One Project Day 2: Instead of a Paper People

One Project Day 2: Instead of a Paper People

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February 16, 2016

If your church puts words on paper ahead of Jesus, it’s “just an empty building filled with paper people.”

The second preacher of the day ended his remarks on this note.  Paper Christianity—the kind that looks for security in right words and right beliefs—took a hit from start to finish Monday in Seattle.  Yesterday the One Project gathering was a sustained declaration that to be Christian is to be human—and broken; and that to be a broken human who is Christian is to receive from God the grace—the strength—to act.

But for alert listeners, the day ended, nevertheless, with a giant question mark, not projected on the ballroom screen but still seen and felt, like a summons, or perhaps an invitation, to further give-and-take.  

The beginning, as on Day One, was praise and prayer.  After the Hosanna’s and the promises, sung in ardent unison, Zane Yi, a teacher at Loma Linda University, stepped forward.  Within minutes he was saying that we “need more people like Pilate,” the front-and-center character in the story he was considering from Jesus’ Final Week, the theme of the 2015 gathering.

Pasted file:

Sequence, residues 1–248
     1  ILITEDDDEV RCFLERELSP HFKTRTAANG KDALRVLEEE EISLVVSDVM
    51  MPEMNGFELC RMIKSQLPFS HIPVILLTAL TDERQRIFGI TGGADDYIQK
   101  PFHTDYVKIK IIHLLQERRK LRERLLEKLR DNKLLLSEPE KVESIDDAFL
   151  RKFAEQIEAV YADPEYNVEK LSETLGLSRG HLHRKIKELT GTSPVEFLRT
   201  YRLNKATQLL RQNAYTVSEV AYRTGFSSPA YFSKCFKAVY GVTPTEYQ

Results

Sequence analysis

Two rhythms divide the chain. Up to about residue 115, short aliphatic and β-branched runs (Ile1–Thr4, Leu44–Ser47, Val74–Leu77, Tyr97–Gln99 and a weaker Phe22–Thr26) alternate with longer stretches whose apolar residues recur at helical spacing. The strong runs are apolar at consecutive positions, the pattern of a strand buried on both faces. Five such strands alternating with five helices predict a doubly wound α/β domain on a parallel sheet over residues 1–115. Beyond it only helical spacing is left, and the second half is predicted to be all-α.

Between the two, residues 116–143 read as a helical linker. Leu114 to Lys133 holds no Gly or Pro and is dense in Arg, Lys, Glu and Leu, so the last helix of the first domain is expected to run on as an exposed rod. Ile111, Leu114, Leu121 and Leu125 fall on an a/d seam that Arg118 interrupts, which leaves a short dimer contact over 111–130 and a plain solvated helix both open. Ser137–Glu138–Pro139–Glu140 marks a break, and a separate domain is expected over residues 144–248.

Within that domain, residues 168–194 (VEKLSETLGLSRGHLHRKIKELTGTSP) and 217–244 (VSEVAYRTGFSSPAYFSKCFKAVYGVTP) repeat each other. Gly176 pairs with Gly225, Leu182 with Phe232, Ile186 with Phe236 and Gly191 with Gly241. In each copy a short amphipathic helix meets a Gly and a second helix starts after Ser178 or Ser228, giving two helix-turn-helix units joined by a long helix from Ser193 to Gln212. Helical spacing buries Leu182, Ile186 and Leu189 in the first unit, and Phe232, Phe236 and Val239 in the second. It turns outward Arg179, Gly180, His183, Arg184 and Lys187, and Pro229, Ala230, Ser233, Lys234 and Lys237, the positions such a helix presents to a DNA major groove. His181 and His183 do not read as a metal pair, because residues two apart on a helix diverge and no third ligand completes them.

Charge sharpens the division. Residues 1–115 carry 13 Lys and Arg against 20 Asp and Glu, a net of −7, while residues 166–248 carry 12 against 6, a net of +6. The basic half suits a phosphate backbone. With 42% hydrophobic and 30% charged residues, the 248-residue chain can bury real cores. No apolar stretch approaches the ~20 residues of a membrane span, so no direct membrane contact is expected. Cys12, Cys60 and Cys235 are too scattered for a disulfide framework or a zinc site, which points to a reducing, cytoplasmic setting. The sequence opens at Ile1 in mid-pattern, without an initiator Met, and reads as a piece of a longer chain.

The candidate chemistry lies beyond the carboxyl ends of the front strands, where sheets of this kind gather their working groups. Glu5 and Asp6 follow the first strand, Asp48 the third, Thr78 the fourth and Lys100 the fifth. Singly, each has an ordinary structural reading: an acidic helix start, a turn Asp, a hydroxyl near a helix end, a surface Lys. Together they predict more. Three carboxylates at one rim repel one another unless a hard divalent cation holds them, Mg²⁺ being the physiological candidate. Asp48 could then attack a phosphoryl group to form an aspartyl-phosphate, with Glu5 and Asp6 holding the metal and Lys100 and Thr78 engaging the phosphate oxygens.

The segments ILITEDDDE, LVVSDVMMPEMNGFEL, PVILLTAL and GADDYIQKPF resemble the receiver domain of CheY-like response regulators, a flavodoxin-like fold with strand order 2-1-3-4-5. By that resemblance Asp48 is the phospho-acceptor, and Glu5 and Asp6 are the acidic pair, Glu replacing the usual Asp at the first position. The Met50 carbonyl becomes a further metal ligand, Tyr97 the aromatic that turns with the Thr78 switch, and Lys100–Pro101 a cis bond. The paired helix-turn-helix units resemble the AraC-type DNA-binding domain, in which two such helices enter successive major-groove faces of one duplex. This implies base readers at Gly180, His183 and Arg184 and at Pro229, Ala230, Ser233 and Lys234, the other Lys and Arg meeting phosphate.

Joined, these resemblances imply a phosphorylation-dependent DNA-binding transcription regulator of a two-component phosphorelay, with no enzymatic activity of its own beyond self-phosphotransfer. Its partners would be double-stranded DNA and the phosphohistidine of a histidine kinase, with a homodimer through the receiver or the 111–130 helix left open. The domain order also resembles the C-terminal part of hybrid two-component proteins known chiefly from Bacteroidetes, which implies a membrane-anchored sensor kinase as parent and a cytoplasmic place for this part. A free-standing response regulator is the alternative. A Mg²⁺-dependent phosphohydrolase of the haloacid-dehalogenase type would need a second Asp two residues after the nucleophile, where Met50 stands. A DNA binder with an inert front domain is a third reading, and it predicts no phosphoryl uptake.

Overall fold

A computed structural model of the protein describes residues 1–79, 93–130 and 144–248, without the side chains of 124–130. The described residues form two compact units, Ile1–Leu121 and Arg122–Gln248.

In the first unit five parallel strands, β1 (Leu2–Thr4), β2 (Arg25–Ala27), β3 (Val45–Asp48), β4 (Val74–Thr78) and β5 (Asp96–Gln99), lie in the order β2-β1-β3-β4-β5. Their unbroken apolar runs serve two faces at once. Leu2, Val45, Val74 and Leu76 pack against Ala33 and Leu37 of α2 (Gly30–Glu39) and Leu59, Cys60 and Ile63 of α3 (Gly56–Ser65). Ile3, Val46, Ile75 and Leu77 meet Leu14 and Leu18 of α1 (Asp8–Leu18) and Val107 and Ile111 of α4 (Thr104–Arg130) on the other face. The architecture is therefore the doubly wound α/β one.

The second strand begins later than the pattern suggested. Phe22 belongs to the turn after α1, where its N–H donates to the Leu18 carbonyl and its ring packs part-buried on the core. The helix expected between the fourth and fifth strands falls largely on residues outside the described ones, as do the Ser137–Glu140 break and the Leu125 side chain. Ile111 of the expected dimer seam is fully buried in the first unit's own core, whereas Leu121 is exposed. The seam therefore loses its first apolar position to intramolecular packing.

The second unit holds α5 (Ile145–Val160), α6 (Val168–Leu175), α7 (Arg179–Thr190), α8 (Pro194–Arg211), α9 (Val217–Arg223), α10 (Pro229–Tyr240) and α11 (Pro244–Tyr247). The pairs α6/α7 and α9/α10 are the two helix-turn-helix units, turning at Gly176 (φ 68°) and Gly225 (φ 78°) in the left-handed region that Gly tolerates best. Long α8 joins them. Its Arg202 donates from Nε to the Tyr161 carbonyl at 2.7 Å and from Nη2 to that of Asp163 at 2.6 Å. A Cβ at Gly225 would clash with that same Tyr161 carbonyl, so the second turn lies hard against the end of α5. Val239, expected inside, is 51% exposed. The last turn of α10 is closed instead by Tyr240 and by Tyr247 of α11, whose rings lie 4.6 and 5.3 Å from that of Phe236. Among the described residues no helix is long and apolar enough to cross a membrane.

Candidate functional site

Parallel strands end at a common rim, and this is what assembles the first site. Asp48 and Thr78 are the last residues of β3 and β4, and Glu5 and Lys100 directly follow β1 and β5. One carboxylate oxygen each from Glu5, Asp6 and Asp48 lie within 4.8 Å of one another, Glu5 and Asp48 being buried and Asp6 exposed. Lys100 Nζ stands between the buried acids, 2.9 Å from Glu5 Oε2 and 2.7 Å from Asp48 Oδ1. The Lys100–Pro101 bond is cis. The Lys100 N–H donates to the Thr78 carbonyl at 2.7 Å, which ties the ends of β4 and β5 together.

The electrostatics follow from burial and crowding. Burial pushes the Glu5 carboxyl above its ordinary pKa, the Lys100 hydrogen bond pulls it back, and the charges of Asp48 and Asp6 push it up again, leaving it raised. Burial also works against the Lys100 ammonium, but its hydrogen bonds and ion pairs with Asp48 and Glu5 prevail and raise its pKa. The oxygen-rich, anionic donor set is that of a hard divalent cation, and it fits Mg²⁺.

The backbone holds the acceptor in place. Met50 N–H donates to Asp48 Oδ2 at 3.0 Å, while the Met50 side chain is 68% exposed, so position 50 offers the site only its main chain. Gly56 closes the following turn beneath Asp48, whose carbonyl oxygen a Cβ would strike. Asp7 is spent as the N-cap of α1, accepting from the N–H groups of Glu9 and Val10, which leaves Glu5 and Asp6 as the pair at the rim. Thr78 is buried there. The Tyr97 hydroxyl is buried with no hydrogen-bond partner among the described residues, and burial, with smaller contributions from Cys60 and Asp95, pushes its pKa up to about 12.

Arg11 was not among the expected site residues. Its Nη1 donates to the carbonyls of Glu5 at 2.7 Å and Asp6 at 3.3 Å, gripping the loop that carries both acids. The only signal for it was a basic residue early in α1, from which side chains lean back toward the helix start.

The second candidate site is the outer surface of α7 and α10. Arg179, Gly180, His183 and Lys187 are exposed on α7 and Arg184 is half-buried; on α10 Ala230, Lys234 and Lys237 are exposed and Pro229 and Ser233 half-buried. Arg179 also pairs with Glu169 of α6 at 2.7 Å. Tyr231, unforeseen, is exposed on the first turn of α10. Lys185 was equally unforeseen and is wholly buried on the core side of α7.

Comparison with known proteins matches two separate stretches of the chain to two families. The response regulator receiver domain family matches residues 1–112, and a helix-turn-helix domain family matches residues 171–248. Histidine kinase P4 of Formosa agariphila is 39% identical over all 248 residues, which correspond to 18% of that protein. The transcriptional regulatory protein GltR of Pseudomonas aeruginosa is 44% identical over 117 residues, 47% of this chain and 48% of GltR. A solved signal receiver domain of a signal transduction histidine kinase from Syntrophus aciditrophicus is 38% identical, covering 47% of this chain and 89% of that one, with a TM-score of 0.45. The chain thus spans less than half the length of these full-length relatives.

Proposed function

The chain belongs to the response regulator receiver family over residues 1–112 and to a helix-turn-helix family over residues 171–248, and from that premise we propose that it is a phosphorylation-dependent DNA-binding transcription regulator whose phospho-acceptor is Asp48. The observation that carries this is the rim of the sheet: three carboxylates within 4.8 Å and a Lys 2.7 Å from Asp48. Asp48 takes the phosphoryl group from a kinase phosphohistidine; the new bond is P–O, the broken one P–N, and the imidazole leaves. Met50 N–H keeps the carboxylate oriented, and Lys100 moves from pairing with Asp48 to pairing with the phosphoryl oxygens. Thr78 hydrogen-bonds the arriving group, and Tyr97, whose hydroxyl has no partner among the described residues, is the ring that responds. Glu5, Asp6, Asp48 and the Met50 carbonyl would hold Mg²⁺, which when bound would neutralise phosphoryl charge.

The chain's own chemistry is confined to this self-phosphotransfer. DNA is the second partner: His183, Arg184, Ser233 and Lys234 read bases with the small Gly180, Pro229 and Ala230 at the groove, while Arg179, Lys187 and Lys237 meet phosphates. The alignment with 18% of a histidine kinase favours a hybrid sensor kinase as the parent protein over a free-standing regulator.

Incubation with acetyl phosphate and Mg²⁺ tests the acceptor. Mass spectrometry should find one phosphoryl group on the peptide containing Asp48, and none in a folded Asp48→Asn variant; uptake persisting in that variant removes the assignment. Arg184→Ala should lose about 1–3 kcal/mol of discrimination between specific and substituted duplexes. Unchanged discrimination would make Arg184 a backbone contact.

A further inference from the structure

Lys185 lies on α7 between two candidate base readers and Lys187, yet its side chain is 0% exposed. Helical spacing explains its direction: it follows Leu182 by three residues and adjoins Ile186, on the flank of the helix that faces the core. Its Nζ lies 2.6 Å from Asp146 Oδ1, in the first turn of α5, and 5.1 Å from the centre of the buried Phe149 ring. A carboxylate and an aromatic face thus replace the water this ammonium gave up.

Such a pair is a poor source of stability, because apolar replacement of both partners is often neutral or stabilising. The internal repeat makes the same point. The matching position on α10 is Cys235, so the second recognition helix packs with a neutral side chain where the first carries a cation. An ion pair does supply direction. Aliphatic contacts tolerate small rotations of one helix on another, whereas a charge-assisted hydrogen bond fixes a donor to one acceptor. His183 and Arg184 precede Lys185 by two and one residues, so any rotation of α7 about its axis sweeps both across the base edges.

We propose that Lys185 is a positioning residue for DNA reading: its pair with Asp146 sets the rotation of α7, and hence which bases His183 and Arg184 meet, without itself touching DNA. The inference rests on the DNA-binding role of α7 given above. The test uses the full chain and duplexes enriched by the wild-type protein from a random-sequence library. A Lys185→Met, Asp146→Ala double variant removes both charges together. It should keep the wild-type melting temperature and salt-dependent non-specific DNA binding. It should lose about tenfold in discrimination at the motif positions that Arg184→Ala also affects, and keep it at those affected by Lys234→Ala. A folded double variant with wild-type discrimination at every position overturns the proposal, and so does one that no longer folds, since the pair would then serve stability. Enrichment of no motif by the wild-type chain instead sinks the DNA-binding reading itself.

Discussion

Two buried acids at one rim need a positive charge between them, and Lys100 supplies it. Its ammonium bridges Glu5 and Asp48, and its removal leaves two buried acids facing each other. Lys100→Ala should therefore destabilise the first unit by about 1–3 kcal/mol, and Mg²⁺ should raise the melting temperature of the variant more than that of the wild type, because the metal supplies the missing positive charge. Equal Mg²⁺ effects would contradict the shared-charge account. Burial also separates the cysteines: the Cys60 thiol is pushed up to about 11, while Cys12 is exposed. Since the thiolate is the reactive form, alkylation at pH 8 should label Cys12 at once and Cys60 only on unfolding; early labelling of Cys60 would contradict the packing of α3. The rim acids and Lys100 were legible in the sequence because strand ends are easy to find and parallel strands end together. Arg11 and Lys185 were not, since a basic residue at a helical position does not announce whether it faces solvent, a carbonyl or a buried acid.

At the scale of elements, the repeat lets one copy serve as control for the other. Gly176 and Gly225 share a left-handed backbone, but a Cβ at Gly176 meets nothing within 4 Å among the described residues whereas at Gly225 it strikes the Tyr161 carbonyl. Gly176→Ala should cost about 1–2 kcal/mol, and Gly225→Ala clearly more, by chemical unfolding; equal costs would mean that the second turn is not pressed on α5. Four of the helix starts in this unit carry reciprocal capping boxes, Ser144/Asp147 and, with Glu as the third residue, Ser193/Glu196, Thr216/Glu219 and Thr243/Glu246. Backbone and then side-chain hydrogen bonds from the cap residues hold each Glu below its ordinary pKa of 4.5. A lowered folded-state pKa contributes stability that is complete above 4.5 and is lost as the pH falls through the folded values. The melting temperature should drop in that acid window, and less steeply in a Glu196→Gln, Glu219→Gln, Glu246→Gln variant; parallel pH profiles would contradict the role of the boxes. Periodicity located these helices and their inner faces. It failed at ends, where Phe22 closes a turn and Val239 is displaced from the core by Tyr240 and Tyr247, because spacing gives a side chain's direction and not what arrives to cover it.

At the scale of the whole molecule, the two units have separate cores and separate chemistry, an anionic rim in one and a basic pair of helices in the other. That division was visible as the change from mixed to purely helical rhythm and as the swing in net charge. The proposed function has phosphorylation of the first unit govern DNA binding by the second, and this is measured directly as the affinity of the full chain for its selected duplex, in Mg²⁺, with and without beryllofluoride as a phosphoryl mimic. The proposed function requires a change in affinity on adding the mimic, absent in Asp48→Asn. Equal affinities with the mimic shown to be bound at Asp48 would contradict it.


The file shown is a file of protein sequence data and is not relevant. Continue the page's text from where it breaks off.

Yi argued that Pilate actually did seek and learn the truth.  Like Socrates, he asked questions, in his case questions about charges that religious bureaucrats were bringing against Jesus.  Then he drew conclusions from what he’d learned, coming to realize that Jesus did not deserve to die.  But to “advance the truth,” Yi went on, is also “to act on the truth.”  And here Pilate fell short, lapsing into “cringe-worthy” evasions like passing decision responsibility off to Herod, or giving accusers a choice that could free him from responsibility, or placating the crowd by torturing Jesus instead of killing him.  None of these evasions worked, so in the end Pilate caved in to protect his reputation, and sent Jesus to his death.  Yi then offered, by contrast, the story of English anti-slavery advocate Thomas Clarkson, who also asked questions and came to a conclusion, but who then acted on what he’d learned.  If like Jesus we are going to shed light on the darkness, Yi said, we, unlike Pilate, must act on the truth we come to know.

Tim Gillespie, pastor of the Crosswalk Church in southern California, turned attention to Peter’s denial of Jesus.  Why would Peter do this?  Why was he such a “loser”?  Gillespie said the answer is that he was “human.”  Failure goes along with being human.  It’s just a “fact” about us; but failure also something God “foresees” and “forgives.”  And if Peter was human, so are we, both as individuals and as a “corporate body.”  So it will not do to look down on him. It is better to live with “gratitude” and “joy”; better to acknowledge our “need” for Jesus and to throw off every vestige of “legalism”; better to grow into acquaintance with Jesus as a “person,” not just a “concept.”  This Jesus, he emphasized, saves us from our sins and denials.  If you overlook your brokenness and play down the centrality of Jesus, and if you depend instead on knowing the right words and believing the right doctrines, you are just a “paper” Christian.